The “immensely tall, exceptionally lively” Julie McWilliams – daughter of a wealthy Californian land manager – was in her early 30s before she finally found a place on this planet where she seemed to fit. And although the slightly awkward yet very engaging young woman would go on to become Julia Child, one of the world’s most beloved celebrity chefs, the first cozy life nook she found was not in the kitchen. On the contrary, the life experience that first helped Julie McWilliams to find herself was espionage.
In A Covert Affair, journalist Jennet Conant (author of “The Irregulars: Roald Dahl and the British Spy Ring in Wartime Washington”) takes another deep dive back into English-language spy circles of the mid-20th century. This time she examines the experiences of Julia and Paul Child – the man who would become Julia’s husband – and several of their American colleagues, all employed by the US Office of Special Services (a precursor to the CIA) during and after World War II.
“The war made me,” Julia Child would remember later in life. Although she was employed by the OSS in Washington, India, Ceylon (where she met her husband), and China, the woman who would become the French Chef was never really much of a spy. A skilled organizer with a tidy mind, she kept files and handled personnel and logistics matters in sometimes rugged conditions, serving as a discrete and able administrator.
She fitted in because her privileged background made her much like the others employed by the US’s fledging surveillance group, a cluster of youngish Americans drawn largely from “the Ivy League and the Junior League” – “Smith girls with gumption who could also type,” “a wide variety of PhDs,” and “an assortment of creative types.”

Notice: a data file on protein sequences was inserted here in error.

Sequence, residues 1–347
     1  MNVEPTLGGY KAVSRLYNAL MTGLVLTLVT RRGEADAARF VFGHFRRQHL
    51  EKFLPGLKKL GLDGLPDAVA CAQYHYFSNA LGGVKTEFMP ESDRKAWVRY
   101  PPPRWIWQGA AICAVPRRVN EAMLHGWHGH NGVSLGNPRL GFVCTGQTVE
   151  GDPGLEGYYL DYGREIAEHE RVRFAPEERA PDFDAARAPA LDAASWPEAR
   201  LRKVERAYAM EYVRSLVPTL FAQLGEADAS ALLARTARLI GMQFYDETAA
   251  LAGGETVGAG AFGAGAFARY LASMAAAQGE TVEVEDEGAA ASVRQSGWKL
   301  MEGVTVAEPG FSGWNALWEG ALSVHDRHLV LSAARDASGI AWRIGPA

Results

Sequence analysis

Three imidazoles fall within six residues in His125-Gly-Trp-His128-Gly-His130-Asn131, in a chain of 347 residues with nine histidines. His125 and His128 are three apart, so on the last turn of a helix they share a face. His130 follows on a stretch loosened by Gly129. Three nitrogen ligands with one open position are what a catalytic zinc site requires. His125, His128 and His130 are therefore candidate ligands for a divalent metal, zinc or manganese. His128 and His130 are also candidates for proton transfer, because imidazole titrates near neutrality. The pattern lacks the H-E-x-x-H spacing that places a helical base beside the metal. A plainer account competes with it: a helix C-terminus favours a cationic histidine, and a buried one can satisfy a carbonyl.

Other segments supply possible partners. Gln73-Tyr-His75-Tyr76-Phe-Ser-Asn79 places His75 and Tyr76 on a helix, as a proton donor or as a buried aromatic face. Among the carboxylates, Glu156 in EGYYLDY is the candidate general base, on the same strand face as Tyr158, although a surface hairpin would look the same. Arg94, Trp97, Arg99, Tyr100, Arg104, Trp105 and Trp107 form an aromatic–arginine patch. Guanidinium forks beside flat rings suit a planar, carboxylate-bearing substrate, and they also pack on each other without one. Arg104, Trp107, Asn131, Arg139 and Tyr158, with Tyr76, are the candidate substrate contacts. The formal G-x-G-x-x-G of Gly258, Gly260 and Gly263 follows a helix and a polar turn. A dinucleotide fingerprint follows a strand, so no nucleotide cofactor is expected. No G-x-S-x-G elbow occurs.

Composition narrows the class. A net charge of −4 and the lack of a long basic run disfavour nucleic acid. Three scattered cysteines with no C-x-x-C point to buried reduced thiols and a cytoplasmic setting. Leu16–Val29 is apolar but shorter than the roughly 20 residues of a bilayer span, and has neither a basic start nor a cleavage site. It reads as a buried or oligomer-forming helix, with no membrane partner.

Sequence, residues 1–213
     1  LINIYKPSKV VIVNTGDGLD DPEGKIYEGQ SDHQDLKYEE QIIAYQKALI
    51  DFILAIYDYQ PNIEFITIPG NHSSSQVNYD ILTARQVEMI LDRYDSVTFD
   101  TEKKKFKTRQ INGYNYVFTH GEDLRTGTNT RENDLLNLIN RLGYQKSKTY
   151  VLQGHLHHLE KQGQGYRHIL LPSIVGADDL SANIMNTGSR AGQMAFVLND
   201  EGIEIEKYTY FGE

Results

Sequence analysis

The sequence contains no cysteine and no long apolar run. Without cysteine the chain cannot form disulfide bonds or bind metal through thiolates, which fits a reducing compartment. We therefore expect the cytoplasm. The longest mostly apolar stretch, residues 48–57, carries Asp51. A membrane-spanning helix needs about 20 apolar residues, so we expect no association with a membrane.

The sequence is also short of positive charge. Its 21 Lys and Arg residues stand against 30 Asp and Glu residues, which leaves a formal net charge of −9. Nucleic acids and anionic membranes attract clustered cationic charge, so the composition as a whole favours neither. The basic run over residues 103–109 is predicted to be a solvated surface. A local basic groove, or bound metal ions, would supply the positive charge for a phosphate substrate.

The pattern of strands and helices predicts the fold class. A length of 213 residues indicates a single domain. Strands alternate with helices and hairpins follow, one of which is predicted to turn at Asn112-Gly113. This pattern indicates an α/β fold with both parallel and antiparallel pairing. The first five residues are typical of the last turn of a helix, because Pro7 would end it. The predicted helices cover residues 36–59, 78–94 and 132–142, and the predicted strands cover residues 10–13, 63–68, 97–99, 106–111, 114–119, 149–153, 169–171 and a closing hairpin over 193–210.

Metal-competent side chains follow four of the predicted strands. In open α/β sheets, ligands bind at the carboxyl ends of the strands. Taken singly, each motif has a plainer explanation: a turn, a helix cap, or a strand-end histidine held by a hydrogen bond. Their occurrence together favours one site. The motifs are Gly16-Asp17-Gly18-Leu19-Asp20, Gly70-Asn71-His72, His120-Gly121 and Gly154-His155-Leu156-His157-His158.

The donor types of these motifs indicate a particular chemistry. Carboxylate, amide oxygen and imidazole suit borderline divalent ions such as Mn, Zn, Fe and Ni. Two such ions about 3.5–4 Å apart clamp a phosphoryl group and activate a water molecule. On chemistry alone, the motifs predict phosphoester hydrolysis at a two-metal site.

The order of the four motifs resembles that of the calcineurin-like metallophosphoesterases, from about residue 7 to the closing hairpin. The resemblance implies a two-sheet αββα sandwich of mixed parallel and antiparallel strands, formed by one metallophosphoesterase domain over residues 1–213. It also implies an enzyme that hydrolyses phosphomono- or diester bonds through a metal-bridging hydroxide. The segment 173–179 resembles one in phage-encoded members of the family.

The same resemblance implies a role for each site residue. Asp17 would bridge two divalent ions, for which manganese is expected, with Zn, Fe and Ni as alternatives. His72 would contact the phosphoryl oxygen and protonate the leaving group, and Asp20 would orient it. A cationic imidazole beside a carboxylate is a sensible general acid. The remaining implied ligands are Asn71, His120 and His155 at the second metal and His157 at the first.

Among the many bright young Americans with whom Paul and Julia Child shared dodgy accommodations, late-night drinks, and tight collegial ties was Jane Foster, a Californian society girl on the run – not unlike Julia – from a stifling life with her wealthy family.
Foster’s rather tragic story is at the center of much of “A Covert Affair.” Unlike Julia, she became more deeply involved in OSS attempts to harm and discredit America’s enemies – “almost any form of thoroughly amoral activity was condoned,” Conant writes, “when it came to manipulating one’s foe.”
Foster also became more profoundly disillusioned with her own government. After the war she was posted to Indonesia. There, instead of feeling thrilled that democratic forces had triumphed, she became depressed as it grew clear that, postwar, the US was frequently turning its back on questions of justice and siding with the European imperial powers.
Later in life – long after she had left government employment – Foster and her then-husband would be accused of having worked as Russian spies. Paul and Julia Child – known to be her longtime friends – would be dragged into the affair and Paul would risk losing his job.
Conant is the kind of writer who knows how to do her homework and “A Covert Affair” is built on letters, diaries, interviews, and a welter of recently declassified OSS and FBI documents. Her book paints a dark but intriguing picture of a particular decade or so of American life – an era when the conservatism and naiveté of citizens like Julia’s wealthy father allowed demagogues like Sen. Joseph McCarthy to flourish, even as the misguided idealism of bright young people like Jane Foster drew them too close to the Soviets for comfort. (How involved Foster was with the Russians is never fully clear, but Conant finally concludes that while “Jane was never an archvillain, smuggling out nuclear secrets and imperiling the security of the nation” neither was she “as innocent as she pretended.”)
While Foster was under investigation (and could even have faced the death penalty), the Childs acquitted themselves admirably, refusing to betray a friend to keep themselves out of trouble.
The experiences of Paul and Julia Child are the organizing principle of “A Covert Affair” even though the couple themselves are not always at the book’s center. Despite the book’s subtitle (“Julia Child and Paul Child in the OSS”) the narrative is really built around the stories of various OSS workers, with Foster as the major focus.
But Conant does well to both begin and end with the unlikely lovebirds. Although their romance has been chronicled in more depth elsewhere, its sweetness (with the ultimate triumph of Julia’s “simple love and niceness” over Paul’s doubts about her lack of sophistication) serves as a reassuring counterweight to some of the ugliness of the Jane Foster experience.
It's also a useful reminder that, in the America that finally emerged from the Cold War, the Childs are still beloved icons, while Joseph McCarthy endures only as a symbol of shame.
Marjorie Kehe is the Monitor’s book editor.